How to Help the Youth Become Involved in Their Communities
Parents usually cannot even make their children clean up their rooms, so it’s impossible to encourage teenagers to abandon their computers and work on an “impossible” challenge, right? Maybe not. There are techniques to persuade them to move out of their self zones and grow concern for the world around them.
As a parent, the following steps can aid you molding your teens into responsible as well as community-loving adults someday:
1. Give them autonomy.
How would you probably like it if someone were to always breathe down your neck whenever you move? That’s exactly the way most teenagers feel. Adults can get quite defensive when this point is raised, saying their kids have to act more responsibly before they can be given autonomy. Truth is, it’s the opposite that is actually true: how can they act more responsibly if they are not given the chance? If anything, psychological studies have discovered that the more you place your trust on someone, the more he will likely behave as you want him to.
2. Show real empathy.
Empathy is not just “putting yourself in another’s shoes” or being a very good listener. It’s actually feeling the emotions of the other. For example, if your child’s pet fish died, you empathize not by saying “It’s understand how you feel.” To empathize is to grieve with him. If your teen is afraid of looking “uncool” when they volunteer, don’t simply accept it as “teens being teens.” Empathy takes decisive action: how can you make volunteering cool?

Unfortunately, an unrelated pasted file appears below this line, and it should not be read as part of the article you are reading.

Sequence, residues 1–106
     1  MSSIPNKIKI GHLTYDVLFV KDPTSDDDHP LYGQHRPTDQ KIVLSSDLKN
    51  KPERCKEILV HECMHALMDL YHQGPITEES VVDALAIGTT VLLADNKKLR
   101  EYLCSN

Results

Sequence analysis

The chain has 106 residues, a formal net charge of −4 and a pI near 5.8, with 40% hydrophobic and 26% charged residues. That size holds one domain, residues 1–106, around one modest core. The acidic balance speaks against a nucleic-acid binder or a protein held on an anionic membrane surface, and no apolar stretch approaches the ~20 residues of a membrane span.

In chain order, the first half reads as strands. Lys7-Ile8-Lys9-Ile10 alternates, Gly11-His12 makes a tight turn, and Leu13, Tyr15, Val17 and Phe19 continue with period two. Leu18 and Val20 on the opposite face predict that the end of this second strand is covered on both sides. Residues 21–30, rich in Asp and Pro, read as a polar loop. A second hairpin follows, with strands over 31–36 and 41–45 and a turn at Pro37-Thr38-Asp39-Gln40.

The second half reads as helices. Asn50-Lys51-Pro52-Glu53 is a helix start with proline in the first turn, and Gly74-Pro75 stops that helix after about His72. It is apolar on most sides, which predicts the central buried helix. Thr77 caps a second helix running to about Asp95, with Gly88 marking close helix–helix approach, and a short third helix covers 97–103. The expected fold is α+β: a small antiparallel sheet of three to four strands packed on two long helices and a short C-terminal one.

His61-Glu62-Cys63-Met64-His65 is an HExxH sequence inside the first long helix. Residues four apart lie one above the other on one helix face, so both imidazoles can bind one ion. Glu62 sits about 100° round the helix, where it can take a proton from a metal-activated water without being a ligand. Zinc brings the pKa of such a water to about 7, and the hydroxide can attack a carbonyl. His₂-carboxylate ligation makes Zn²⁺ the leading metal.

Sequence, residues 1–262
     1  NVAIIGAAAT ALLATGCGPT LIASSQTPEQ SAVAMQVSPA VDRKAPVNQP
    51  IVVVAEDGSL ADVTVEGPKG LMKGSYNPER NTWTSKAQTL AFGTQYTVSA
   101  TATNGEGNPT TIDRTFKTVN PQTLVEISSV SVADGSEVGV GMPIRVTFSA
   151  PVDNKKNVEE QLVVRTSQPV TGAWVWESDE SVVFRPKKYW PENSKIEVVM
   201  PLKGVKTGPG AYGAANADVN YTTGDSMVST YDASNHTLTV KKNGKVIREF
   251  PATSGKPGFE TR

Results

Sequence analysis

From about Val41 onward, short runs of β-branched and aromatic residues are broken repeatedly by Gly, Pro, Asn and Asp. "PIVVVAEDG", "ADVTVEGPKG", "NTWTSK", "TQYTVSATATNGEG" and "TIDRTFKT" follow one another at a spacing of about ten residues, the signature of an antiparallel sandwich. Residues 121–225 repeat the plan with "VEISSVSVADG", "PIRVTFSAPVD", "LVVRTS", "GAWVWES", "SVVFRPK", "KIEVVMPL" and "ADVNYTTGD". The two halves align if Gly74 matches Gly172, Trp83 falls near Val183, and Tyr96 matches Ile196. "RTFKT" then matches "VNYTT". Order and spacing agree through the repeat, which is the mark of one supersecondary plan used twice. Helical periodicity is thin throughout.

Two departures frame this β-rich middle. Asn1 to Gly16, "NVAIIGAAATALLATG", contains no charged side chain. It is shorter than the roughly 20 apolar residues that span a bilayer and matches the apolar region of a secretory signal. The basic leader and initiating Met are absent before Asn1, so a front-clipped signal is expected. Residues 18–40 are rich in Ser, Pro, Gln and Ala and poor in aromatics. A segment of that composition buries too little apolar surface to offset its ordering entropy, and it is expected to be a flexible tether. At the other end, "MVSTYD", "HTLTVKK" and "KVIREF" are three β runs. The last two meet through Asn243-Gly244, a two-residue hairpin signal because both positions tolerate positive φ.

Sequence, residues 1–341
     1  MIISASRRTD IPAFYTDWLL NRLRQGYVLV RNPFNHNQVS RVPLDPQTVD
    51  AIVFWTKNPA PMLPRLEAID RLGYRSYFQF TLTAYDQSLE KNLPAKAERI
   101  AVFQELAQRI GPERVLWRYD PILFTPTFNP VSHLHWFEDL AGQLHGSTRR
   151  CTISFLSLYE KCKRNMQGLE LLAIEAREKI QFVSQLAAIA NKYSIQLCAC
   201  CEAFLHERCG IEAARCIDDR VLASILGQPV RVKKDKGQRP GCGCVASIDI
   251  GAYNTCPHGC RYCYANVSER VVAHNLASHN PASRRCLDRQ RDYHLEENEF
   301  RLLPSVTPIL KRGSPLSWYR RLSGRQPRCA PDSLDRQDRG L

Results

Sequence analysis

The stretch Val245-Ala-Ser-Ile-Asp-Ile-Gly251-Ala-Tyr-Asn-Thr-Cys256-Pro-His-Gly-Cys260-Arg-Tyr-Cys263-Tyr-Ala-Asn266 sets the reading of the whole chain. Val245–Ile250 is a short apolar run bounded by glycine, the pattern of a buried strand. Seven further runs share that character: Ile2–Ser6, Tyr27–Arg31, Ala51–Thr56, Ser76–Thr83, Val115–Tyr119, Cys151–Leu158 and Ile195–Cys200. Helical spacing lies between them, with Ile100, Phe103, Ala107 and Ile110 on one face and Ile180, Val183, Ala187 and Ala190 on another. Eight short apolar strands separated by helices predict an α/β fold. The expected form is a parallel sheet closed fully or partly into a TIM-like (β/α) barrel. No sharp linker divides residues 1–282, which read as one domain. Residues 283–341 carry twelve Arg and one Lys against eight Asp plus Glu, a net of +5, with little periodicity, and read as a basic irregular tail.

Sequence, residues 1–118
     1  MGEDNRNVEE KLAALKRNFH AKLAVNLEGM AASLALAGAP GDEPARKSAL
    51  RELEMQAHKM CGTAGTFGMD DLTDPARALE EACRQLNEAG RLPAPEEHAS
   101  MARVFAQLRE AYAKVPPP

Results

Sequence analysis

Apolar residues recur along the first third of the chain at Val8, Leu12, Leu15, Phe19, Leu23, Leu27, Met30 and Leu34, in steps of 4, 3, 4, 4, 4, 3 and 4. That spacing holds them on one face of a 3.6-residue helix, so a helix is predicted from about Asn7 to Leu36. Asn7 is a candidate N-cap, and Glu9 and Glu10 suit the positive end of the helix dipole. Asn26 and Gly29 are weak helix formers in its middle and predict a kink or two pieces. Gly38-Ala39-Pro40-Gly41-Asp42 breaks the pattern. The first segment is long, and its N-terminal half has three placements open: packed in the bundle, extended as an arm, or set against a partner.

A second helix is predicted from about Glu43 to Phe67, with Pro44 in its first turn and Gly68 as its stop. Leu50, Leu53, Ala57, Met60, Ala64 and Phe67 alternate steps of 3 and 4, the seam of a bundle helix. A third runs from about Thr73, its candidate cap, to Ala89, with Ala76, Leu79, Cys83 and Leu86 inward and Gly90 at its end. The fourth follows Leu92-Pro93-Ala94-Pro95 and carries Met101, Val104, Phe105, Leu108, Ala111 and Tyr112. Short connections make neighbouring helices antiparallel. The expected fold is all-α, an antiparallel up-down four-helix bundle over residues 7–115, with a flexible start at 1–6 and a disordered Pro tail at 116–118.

3. Set a good example.
While children have never been great at listening to their parents and elders, but they have always unconsciously mimicked them. And the reason behind that is largely biological. Ever heard about mirror neurons and their influence on group behavior? Here’s the bottom line: don’t expect your teens to do what you personally wouldn’t.
4. Appreciate their efforts.
Feeling like you don’t see them is a sure way to kill their motivation. After all, why pitch in when you feel like nothing’s changed? This is why it’s critical that you communicate to them that their work is highly valued. And you have to say it to each of them, and not merely address a group.
5. Give them a meaningful purpose.
Why should these teens do all of these things? Is it to make their parents happy? Is it to get a chance to be close to someone they like? To gain some kind of points for their grades? All of these are poor motivation. Try explaining to them how the youth’s service can contribute to the overall good of your community, and what the possibilities are if they don’t show up. This is good motivation because a purpose in life is one of the most crucial factors of psychological as well as physical health. Proof is retiree volunteers living longer lives and being less likely to suffer depression compared to others who’d rather stay at home.
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